Brian Glanville sees precious little to get excited about when it comes to England's Euro 2016 chances.

Roll on the overloaded European Championship finals – a parting gift from the abysmal Michel Platini.

Let us piously hope they will not be another deep disappointment for the England team. Following a season of what might politely be described as mediocrity. All huge credit to Leicester City for their glorious romantic success, yet it has to be said that for all their panache, consistency and all round achievement, they romped away with the Premiership by default.

For where in the final analysis was the competition? The big beasts hardly raised a roar. Arsenal second, fully ten humiliating points behind Leicester, squeezing into even that position only at the last gasp. After their eternal North London rivals Tottenham, they and their young Argentine manager Maurico Pochettino, lauded for their youthful dash and prowess, thrashed 5-1 in their final League game by a Newcastle team already doomed to relegation, and reduced, incredibly, for much of that match to ten men.

In passing, note the contribution to that Magpies victory of Andros Townsend on the right wing, voted best player on the field after he made mincemeat of the Spurs defence from the right wing. Yet this was the player for whom Pochettino could find no place. A player who in the recent past had excelled on England’s right wing.

Why Roy Hodgson didn’t pick him for the desperately hard won friendly against Turkey, rather than exhume a winger who had barely figured in the Manchester City team this year and who had such scant title to be in the squad at all was baffling. In the event, Raheem Sterling did not disgrace himself, either out wide or in the middle, but why was he there at all? And why waste Jamie Vardy out on the left wing where he was exiled till the second half, when his dynamic pace and opportunism make him such a menace through the middle?

England’s first goal from Harry Kane was offside, only a splendid save at the death by Joe Hart preserved their fragile victory. But it is scarcely Roy Hodgson’s fault if England, inventor of the third back game back in 1925, just don’t at the moment produce centre halves or call them centre backs any more.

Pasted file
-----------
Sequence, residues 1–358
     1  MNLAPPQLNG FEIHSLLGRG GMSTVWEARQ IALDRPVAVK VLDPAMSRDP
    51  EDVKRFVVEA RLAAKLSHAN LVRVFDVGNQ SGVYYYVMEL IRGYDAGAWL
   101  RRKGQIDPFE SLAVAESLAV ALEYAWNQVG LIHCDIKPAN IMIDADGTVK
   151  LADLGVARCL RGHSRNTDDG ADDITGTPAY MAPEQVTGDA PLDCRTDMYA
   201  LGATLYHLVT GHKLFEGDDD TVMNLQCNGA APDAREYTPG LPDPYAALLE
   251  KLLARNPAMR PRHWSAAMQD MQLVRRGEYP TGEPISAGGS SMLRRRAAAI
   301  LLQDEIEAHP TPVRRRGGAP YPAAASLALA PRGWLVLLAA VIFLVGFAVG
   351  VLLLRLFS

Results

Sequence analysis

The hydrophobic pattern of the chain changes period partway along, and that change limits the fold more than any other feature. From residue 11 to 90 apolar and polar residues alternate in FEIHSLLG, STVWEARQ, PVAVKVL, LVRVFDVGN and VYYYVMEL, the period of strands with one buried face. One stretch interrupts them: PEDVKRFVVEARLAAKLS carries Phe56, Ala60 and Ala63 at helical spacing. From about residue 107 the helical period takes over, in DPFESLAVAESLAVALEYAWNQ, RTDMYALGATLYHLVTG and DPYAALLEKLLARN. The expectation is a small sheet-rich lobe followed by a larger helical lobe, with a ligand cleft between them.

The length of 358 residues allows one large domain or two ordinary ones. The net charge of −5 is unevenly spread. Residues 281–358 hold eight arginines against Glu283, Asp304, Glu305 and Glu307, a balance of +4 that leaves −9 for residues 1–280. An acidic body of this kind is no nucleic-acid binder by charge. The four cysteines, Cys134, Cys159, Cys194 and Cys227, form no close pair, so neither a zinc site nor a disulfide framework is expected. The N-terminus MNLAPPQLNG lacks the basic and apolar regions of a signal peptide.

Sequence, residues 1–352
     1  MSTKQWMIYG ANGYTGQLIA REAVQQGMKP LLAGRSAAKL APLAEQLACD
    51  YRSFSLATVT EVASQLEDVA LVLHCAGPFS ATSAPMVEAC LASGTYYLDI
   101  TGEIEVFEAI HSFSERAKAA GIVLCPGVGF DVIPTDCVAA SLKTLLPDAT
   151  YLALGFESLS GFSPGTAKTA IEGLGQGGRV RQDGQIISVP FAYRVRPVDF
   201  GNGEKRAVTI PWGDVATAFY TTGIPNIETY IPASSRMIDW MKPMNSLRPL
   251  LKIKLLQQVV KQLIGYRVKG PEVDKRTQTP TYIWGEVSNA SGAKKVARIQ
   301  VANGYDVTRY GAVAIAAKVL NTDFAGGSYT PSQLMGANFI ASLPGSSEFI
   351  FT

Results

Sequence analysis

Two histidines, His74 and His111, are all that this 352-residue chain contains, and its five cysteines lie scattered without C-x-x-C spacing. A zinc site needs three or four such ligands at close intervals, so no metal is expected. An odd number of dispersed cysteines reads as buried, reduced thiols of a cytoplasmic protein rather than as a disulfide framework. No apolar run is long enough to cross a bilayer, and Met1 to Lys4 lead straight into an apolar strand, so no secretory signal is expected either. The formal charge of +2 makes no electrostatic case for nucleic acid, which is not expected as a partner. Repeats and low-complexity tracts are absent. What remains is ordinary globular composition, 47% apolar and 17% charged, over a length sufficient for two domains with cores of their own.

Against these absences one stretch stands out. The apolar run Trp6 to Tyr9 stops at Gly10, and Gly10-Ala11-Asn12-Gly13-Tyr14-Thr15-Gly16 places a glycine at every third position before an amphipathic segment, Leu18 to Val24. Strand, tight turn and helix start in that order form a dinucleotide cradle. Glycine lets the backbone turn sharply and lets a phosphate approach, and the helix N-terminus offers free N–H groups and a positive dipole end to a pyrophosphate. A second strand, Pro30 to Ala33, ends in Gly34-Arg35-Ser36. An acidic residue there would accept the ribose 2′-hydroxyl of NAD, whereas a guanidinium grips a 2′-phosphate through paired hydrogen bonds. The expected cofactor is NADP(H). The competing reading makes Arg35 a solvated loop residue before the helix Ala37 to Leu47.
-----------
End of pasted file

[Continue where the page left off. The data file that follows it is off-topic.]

It seems that certain clubs are prepared to pay Everton £50 million for John Stones, yet he looks a perpetual hazard. Smalling is probably the best of a bad lot, but he hardly did his reputation much good the previous day at Wembley, where some thought he should have been sent off much earlier than he was, when his fouls seemed to deny a scoring opportunity but was punished only by a yellow card. The second foul which had him sent off was a gratuitous folly. It was a bitter sweet occasion for Louis Van Gaal; Cup Final victory, prompt dismissal.

While on the subject of England centre backs, it is surely arguable that, even at his advanced age, John Terry remains the best of them. His unreciprocated loyalty to Chelsea has been shown by his willing acceptance of a vastly inferior contract, enabling him to remain at Stamford Bridge, when millions were waiting for him in the gilded backwater of Chinese football.

As for Crystal Palace, beaten in that undistinguished FA Cup final, what sympathy could there be for a team which had the whole of extra time to prevail against ten men.

A daft idea is the one which proposes an expansion of the Football League to five divisions but with two fewer clubs in each. No wonder there has been an outcry from a host of struggling teams aware that they would lose priceless home fixtures every season.

Besides, have the bird brains behind this idea contemplated the embarrassing fact that the so called National League from whose ranks teams would be drawn to make up the lowest division has pitifully low attendances at matches, very few of the clubs get as many as even 2000 fans.

But it was good to see Grimsby Town back in the Football League at last. I once knew well the late Charlie Spencer who kept the little club in the old 1st division for years before the last World War, only to go down and stay down at the end of season 1947/8.

When at Highbury, I watched their last top division match, in which they succumbed 8-0 to Arsenal. Manager Charlie Spencer claimed to be the first stopper centre half, playing for Newcastle United when they beat Arsenal 7-0 at Gallowgate in the offending match of the 1925/6 season, when the offside law radically changed.

He also gave the pass in the 1924 FA Cup Final from which left winger Stan Seymour – later a domineering chief executive of the club – ran through to score Newcastle’s first goal.